Ah, an interesting topic on an interesting theological perspective. It might sound very scientific minded, but it certainly does not expel the weirdest elements that have traditionally composed the backbone of mystery schools and secret societies. >>4890 >But the universe had a beginning and it will eventually have an end. Shouldn't the Whole therefore be much broader than the cosmos? And doesn't it make more sense to place the one eternal truth outside of it? This idea is in need of some brushing up. Parts of the visible universe are seen to expand at speeds that do not correspond to the expected consequences of the big bang. Also, all we know is limited to the visible universe, which we again recently expanded by an improvement in our deep space observational technology. Presuming that our extremely limited sight should be the be all and end all of what this entire sum of organized matter is, is quite presumptuous to say the least. We could easily posit that our region of the universe might have exploded and expanded just as much as somewhere else in the void, a whole cluster of galaxies is coalescing into super thick strings that will one day reach a critical mass and density and explode again from a what could appear as a point (although that is also, in the big bang theory, a big assumption).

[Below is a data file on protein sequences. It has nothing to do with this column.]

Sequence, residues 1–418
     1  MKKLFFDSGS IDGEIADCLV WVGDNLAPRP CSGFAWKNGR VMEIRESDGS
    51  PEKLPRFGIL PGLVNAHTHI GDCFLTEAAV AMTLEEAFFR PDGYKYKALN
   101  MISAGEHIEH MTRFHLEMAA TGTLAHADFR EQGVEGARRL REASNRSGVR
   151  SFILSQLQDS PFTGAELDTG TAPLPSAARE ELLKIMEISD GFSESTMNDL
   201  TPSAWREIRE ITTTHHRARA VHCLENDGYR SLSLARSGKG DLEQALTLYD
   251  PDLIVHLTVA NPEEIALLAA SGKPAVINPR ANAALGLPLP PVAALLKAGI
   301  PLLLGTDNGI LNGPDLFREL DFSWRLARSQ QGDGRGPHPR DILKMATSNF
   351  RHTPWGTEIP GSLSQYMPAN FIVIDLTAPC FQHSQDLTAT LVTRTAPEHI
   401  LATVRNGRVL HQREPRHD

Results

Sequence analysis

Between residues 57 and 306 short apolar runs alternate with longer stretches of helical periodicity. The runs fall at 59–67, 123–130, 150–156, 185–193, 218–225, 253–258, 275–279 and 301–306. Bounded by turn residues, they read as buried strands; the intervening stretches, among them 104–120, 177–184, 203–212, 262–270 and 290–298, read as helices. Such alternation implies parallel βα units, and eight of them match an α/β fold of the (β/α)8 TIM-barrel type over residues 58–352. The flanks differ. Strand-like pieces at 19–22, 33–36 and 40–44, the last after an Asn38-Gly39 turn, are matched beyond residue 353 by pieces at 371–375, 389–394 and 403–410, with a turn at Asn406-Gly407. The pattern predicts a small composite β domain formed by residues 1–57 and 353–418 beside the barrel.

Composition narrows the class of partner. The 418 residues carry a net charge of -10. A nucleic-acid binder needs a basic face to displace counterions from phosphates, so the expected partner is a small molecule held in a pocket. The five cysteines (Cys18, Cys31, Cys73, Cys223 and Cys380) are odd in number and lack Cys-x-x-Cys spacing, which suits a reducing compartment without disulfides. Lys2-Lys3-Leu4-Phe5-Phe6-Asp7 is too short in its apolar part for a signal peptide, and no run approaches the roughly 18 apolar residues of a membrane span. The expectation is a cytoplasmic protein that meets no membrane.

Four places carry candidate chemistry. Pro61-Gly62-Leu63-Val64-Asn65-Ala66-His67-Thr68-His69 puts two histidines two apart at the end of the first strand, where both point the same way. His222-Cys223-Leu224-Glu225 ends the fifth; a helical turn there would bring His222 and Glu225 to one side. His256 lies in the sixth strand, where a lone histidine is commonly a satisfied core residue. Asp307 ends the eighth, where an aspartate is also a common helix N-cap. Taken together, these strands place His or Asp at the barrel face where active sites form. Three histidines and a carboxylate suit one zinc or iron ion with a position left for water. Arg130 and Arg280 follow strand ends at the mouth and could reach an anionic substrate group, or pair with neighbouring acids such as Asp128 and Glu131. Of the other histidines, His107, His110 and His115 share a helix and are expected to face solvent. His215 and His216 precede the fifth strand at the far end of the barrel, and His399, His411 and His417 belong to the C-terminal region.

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>>5108 >It might sound very scientific minded, but it certainly does not expel the weirdest elements that have traditionally composed the backbone of mystery schools and secret societies. At the very least I've found Cosmotheism to be at worst a "Noble Lie". It's really a quite simple idea. Through eugenics and ensuring our survival, we build a greater people. This is a worthy end in itself. This greater people in turn works to create an even greater, healthier and more perfect people. And of course this is extrapolated out infinitely to a divine state. Possible? Perhaps, it seems plausible at least, and in my mind much healthier than existing religons, especially as a foundation for a White Nationalist movement. Our people need an overarching philosophy to give us purpose and direction. All of this seems to be Pierce's view as well (pic) https://nationalvanguard.org/2013/07/discovering-cosmotheism/